I think that narrative logic is highly artificial, a perceived order imposed on events by the wishful mind, and that its substance is pure feeling. It is true, as I have written before, that this tendency can be unhealthy. But we humans, as emotional creatures, need these narratives: they give us a sense of purpose and direction. Nearly everyone, to some extent, has their own personal mythology, a group of stories about themselves that explain who they are and where they’re going.
Narrative logic also governs politics. As Jonathan Haidt observed, every political ideology has its own narrative. The American left has a narrative based on overcoming bigotry, and the American right a narrative about oppressive government; the Nazis, the Soviets, the Spanish anarchists all had their own narratives. These narratives normally have a degree of historical validity, being based on some real events and actual facts. But the interpretation given to the events and facts is inevitably dubious; and, even more importantly, the facts and events left out, silently omitted, are what give the narrative its sense of direction and purpose. Historical forgetting is crucial to political grouping.
Santayana is, of course, correct in a general sense that history is nothing but assisted and recorded memory. Without memory, we could do nothing characteristically human—neither read nor write, much less write history. But what this quote leaves out is that memory, once catalogued and recorded in cold records rather than a living brain, changes its character.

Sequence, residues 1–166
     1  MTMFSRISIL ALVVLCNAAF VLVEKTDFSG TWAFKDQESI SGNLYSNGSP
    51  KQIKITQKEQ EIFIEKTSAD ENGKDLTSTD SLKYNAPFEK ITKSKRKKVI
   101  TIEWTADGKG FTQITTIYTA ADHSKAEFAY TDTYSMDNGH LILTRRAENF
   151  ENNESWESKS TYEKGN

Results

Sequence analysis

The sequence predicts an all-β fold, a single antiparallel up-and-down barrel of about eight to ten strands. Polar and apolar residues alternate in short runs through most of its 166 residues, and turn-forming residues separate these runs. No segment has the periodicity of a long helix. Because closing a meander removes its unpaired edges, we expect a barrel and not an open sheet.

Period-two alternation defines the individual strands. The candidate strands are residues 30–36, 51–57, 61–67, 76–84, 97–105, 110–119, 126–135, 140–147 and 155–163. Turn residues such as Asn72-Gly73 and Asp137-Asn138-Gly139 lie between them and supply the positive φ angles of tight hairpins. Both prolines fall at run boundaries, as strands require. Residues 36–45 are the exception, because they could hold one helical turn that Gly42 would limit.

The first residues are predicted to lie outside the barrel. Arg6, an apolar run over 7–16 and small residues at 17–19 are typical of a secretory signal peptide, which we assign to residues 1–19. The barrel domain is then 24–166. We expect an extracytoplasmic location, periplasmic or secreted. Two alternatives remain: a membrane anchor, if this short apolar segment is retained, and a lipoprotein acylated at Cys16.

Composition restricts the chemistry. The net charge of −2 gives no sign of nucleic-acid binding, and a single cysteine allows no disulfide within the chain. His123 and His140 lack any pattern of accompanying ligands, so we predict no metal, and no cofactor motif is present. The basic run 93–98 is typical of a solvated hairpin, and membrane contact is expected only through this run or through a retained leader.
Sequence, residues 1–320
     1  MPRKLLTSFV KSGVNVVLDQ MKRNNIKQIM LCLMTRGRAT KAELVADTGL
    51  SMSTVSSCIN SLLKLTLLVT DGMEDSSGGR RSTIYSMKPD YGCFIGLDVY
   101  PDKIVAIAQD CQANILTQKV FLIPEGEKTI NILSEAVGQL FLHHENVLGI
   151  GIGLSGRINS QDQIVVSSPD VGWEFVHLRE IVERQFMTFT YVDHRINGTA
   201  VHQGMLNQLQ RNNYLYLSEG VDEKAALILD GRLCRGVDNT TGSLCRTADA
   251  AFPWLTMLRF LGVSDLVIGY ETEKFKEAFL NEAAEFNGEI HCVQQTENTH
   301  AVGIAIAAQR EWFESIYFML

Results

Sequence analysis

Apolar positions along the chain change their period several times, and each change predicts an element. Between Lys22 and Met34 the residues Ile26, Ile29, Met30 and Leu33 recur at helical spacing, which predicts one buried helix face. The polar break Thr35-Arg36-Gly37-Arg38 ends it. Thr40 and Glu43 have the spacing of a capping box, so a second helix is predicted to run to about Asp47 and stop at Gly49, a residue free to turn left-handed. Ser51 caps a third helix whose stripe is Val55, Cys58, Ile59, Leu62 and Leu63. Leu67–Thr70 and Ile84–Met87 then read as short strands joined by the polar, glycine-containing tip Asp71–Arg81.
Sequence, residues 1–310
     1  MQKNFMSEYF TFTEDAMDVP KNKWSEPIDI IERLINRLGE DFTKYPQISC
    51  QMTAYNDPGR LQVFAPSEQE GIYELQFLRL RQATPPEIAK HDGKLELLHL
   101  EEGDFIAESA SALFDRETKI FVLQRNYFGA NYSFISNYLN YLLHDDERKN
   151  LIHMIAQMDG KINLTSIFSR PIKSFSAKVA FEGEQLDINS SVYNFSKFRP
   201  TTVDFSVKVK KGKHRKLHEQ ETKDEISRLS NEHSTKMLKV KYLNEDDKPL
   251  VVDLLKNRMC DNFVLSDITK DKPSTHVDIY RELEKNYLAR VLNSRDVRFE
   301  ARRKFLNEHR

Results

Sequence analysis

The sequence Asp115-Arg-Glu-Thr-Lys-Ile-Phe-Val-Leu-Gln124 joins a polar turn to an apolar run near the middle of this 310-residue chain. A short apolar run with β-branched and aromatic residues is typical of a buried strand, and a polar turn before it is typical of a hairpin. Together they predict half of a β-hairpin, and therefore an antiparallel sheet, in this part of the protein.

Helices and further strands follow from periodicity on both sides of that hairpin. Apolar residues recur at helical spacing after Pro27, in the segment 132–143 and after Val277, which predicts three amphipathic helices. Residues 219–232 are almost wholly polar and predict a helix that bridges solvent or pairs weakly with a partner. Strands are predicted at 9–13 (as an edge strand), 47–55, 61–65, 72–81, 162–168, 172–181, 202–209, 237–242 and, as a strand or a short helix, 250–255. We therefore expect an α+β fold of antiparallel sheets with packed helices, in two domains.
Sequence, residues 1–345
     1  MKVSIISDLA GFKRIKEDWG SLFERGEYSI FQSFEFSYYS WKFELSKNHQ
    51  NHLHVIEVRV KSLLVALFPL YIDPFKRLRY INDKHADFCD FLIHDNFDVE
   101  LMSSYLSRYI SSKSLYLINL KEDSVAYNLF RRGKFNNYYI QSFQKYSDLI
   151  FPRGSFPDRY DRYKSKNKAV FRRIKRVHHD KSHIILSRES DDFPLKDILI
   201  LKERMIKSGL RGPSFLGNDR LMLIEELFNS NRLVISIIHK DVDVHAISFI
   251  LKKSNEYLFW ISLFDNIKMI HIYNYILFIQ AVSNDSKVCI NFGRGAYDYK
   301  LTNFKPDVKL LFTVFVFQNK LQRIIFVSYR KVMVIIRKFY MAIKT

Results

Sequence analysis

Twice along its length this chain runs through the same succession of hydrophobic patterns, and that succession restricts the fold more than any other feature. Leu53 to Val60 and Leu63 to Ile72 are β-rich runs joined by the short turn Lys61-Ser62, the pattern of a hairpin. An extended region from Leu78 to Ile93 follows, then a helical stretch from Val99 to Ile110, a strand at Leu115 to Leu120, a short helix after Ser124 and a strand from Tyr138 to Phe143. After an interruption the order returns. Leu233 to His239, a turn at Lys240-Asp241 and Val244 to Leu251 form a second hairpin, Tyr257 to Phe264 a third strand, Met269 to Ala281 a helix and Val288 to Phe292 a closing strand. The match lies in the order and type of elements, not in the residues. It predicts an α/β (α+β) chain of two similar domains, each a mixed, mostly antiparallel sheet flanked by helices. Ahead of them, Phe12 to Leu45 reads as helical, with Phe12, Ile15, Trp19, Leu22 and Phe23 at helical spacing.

Technology helps humans overcome our biological limitations. Just as the microscope and the microphone make our normally untrustworthy senses more dependable, so does the act of writing compensate for the failings of our memory. What is written down is no longer subject to the passions, fancies, and revisions of our imagination. Thus, by basing our records on documentation—whether it be cuneiform tablets or government records, or archeological remains—we may break the spell of narrative logic.
Of course, we may choose what records to read, and then choose what to write in our history books, and we may choose to selectively read those history books, and so on. Humans are remarkably resilient to facts that do not accord with their worldviews. Indeed, as we have seen with the proliferation of fake news and the information bubbles that partition the country ideologically, this problem is just as acute as ever. As Santayana went on to say:
History is always written wrong, and so always needs to be rewritten. The conditions of expression and even of memory dragoon the facts and put a false front on diffuse experience. What is interesting is brought forward as if it had been central, and harmonies are turned into causes. … Such falsification is inevitable, and an honest historian is guilty of it only against his will.
All of this notwithstanding, it is also true, I think, that the discipline of history makes progress in breaking the spell of these political narratives—at least enough to make them more honest, more just to the facts. This is how it should be. To fabricate the historical record, as the Nazis and the Soviets did, opens the door to extremism. But we could not live, either individually or socially, without any narrative to guide us. As long as humans look for meaning in life or group together behind a cause, they will tell stories about themselves. And these stories will inevitably rest upon the internal rumor of memory.
Both philosophy and history are, among other things, forms of criticism; and as such their function is to “surprise the soul in the arms of convention” (to use another of Santayana’s felicitous phrases). This criticism and the skepticism it entails are healthy and desirable. But we cannot remain thus untethered. The point of criticism is not to achieve pure skepticism but to give us enough mental and emotional distance to be able to consciously choose our ideals and stories, and not have them chosen for us by convention.